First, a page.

Over the past few months, we've talked a lot about how our long-term 2013 Nissan Pathfinder functions as a daily-driver, long-hauler and all-weather warrior. And so far, it's earning high praise from most of us for being a well-rounded, pleasant vehicle in these regards. But the vast majority of people who actually go out and buy a Pathfinder will do so because of its people-and-stuff-carrying abilities. Nissan specifically engineered the new Pathfinder to be a softer, more widely appealing crossover than the sort of rugged SUV that it was before, and in doing so, the company is hoping its new CUV will find homes in the garages of many American families.
Thing is, many of us Autobloggers live the kid-free life – at least that's true of most of us in the Detroit area where the Pathfinder currently resides. We have no doubts that the Pathfinder will get a proper family road trip workout from west coast editor Michael Harley after it shuffles over to the left side of the country, and it might also do a jaunt to North Carolina this summer with executive editor Chris Paukert and his family before it leaves the area, but in the meantime, we needed to get some family impressions of the new Pathfinder, and fast.
We needed to get some family impressions of the new Pathfinder, and fast.
For the past couple of weeks, we handed our long-termer over to Autoblog and AOL Autos general manager and VP, Chris Eschenburg, who promised us lots of wife-and-kid impressions about this family-friendly vehicle.
Related GalleryLong-Term 2013 Nissan Pathfinder
Right off the bat, Eschenburg digs the Pathfinder "because it has the functionality of a minivan without the stigma." That said, he notes that most people didn't find the vehicle particularly good-looking – a sentiment that some of us on the Autoblog staff agree with.
But stepping inside, there's a lot to love about the Pathfinder's cabin, especially from a people-schlepping point of view.
"It has the functionality of a minivan without the stigma."
"The second row really deserves credit. While it isn't the awesomeness of Chrysler's Stow N Go, it is one of the more functional and unique setups I've encountered – easy to slide the row forward and aft, one pull to drop it down and create a shelf, or an easy one-handed operation to give third row passengers access. The second row really drives the ease of the entire interior experience."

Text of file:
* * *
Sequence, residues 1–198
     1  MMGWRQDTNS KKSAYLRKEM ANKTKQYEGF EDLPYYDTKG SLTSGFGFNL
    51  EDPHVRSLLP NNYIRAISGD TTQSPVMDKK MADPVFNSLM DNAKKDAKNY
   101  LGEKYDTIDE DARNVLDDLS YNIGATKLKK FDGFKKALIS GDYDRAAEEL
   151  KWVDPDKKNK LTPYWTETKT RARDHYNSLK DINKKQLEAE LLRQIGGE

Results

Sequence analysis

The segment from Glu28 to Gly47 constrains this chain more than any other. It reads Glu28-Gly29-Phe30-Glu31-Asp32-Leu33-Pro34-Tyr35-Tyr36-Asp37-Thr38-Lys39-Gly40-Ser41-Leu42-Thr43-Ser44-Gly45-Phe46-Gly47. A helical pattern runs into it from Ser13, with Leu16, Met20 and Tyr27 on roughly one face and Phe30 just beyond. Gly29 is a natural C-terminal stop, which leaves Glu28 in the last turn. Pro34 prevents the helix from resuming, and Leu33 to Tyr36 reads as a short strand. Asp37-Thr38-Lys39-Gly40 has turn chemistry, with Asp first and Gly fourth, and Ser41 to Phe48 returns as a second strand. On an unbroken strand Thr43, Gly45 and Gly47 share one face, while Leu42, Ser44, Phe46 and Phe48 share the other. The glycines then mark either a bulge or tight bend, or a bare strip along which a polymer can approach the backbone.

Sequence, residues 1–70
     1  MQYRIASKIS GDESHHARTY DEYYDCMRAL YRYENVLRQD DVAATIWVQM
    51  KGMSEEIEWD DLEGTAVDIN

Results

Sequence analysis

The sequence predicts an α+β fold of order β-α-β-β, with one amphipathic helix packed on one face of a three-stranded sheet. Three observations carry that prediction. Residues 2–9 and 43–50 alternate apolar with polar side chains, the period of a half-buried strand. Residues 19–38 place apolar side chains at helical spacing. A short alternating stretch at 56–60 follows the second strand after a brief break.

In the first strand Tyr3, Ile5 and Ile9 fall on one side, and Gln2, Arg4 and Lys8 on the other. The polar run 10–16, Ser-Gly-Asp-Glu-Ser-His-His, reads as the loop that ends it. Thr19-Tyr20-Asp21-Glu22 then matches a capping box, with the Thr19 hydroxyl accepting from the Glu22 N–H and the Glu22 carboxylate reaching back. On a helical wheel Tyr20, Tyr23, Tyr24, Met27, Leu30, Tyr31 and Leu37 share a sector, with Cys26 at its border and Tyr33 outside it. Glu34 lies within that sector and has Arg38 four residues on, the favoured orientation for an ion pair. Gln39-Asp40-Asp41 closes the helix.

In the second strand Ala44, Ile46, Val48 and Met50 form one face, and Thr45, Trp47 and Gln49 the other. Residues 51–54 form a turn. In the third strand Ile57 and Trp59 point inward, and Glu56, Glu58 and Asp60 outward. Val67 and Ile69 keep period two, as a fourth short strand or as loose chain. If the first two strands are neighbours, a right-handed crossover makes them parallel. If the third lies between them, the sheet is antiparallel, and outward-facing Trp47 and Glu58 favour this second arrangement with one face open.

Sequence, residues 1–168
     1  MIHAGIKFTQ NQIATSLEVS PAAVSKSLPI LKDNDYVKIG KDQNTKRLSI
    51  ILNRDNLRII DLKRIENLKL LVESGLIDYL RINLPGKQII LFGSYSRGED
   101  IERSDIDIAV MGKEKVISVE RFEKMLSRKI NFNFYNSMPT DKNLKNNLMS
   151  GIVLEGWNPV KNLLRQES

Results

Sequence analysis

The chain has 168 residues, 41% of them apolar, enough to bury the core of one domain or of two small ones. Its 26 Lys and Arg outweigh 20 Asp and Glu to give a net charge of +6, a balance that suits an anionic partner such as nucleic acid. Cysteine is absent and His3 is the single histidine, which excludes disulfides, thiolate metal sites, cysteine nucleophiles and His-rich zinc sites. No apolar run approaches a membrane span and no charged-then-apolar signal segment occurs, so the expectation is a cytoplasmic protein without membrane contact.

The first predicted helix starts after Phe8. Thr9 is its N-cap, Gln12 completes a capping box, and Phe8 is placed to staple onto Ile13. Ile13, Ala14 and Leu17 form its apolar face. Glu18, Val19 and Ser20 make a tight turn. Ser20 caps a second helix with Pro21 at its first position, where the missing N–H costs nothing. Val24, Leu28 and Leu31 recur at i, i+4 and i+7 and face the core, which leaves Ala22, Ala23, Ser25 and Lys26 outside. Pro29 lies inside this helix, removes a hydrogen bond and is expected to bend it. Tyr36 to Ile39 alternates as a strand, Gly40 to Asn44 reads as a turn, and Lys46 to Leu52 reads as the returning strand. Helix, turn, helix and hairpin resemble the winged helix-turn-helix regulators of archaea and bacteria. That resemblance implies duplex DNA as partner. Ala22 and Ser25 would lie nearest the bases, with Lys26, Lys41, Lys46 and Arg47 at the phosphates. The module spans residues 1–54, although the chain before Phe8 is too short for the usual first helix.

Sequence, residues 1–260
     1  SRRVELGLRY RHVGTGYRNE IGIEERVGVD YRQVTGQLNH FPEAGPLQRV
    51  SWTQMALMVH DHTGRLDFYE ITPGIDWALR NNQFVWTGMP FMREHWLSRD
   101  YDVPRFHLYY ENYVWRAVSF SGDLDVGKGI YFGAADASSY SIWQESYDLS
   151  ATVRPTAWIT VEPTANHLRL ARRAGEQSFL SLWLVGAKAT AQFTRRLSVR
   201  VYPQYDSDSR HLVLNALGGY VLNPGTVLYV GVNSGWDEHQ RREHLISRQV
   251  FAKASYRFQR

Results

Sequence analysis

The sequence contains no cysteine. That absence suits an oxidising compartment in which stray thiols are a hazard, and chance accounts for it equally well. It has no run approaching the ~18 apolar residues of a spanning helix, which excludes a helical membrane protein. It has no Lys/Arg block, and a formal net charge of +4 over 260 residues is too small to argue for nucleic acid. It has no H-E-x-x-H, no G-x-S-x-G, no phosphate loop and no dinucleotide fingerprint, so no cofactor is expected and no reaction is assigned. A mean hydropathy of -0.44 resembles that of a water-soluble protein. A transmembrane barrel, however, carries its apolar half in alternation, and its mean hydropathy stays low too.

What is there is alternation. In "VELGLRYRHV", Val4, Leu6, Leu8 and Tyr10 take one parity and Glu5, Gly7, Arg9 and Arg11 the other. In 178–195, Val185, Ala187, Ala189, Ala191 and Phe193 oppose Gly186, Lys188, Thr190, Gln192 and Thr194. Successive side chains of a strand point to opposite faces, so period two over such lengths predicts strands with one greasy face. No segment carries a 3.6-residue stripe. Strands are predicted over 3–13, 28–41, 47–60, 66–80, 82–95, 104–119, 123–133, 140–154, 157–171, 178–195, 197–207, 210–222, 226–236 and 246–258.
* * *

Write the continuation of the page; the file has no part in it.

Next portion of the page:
Beyond the second row, the Pathfinder proved willing and able for instances of cargo-hauling. Behind that first row of seats, there's a maximum of 79.8 cubic feet – plenty of room carrying all sorts of things.
"I hauled a rooftop cargo carrier in the back, box and all, without having to move the driver or passenger seats forward," Eschenburg notes. But when it came time to seal the rear hatch and move on, some problems came up, namely regarding the power liftgate.
Behind that first row of seats, there's a maximum of 79.8 cubic feet – plenty of room carrying all sorts of things.
"The tailgate is impossible to close under manual power. Once it's up, it requires some serious muscle to get it down. And then to put the auto-close button at the highest possible point makes for a frustrating routine for smaller folks (like my wife)." Indeed, we've seen better solutions from the likes of Ford, with tailgate operation buttons placed on the walls of the cargo area, near the controls for the power-folding third row seats.
As for driving dynamics, Eschenburg's thoughts stack up well with ours. "For the type of duty the Pathfinder sees, you'll never really know that it struggles when pushed hard. But the long wheelbase and low center of gravity makes for a very unremarkable ride, which is what you are looking for in this segment."
"For the type of duty the Pathfinder sees, you'll never really know that it struggles when pushed hard."
"Overall, the Pathfinder proved to be a great all-around vehicle," Chris summarizes. "Tell Nissan I sold a Pathfinder to a friend coming out of an Odyssey, but only after I convinced him that Nissan is as American as Honda. The Pathfinder performed all of its duties without missing a beat."